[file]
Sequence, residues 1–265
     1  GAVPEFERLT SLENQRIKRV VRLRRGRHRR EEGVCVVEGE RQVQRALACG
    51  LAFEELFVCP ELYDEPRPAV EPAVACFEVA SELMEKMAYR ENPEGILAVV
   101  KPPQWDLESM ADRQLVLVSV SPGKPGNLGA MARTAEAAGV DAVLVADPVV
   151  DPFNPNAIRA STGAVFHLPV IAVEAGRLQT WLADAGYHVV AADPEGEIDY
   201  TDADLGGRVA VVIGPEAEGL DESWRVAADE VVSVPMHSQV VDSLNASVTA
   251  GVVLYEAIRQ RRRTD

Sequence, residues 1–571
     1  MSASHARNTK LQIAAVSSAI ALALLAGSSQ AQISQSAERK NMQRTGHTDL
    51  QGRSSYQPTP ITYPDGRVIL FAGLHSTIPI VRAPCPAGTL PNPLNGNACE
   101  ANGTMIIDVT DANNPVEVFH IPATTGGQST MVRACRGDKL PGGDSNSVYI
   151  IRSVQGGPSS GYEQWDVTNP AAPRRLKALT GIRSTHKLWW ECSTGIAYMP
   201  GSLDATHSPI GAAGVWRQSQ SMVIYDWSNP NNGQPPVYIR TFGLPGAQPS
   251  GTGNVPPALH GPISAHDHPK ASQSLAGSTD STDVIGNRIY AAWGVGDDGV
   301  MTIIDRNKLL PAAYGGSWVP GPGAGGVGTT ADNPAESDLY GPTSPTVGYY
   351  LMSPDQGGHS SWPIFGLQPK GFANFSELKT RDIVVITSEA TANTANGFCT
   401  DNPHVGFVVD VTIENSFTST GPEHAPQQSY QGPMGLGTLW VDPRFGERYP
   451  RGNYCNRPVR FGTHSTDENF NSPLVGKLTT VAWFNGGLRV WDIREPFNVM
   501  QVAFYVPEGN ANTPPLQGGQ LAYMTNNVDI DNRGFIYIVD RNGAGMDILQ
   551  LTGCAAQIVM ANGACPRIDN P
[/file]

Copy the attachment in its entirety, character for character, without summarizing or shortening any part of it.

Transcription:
Sequence, residues 1–265
     1  GAVPEFERLT SLENQRIKRV VRLRRGRHRR EEGVCVVEGE RQVQRALACG
    51  LAFEELFVCP ELYDEPRPAV EPAVACFEVA SELMEKMAYR ENPEGILAVV
   101  KPPQWDLESM ADRQLVLVSV SPGKPGNLGA MARTAEAAGV DAVLVADPVV
   151  DPFNPNAIRA STGAVFHLPV IAVEAGRLQT WLADAGYHVV AADPEGEIDY
   201  TDADLGGRVA VVIGPEAEGL DESWRVAADE VVSVPMHSQV VDSLNASVTA
   251  GVVLYEAIRQ RRRTD

Sequence, residues 1–571
     1  MSASHARNTK LQIAAVSSAI ALALLAGSSQ AQISQSAERK NMQRTGHTDL
    51  QGRSSYQPTP ITYPDGRVIL FAGLHSTIPI VRAPCPAGTL PNPLNGNACE
   101  ANGTMIIDVT DANNPVEVFH IPATTGGQST MVRACRGDKL PGGDSNSVYI
   151  IRSVQGGPSS GYEQWDVTNP AAPRRLKALT GIRSTHKLWW ECSTGIAYMP
   201  GSLDATHSPI GAAGVWRQSQ SMVIYDWSNP NNGQPPVYIR TFGLPGAQPS
   251  GTGNVPPALH GPISAHDHPK ASQSLAGSTD STDVIGNRIY AAWGVGDDGV
   301  MTIIDRNKLL PAAYGGSWVP GPGAGGVGTT ADNPAESDLY GPTSPTVGYY
   351  LMSPDQGGHS SWPIFGLQPK GFANFSELKT RDIVVITSEA TANTANGFCT
   401  DNPHVGFVVD VTIENSFTST GPEHAPQQSY QGPMGLGTLW VDPRFGERYP
   451  RGNYCNRPVR FGTHSTDENF NSPLVGKLTT VAWFNGGLRV WDIREPFNVM
   501  QVAFYVPEGN ANTPPLQGGQ LAYMTNNVDI DNRGFIYIVD RNGAGMDILQ
   551  LTGCAAQIVM ANGACPRIDN P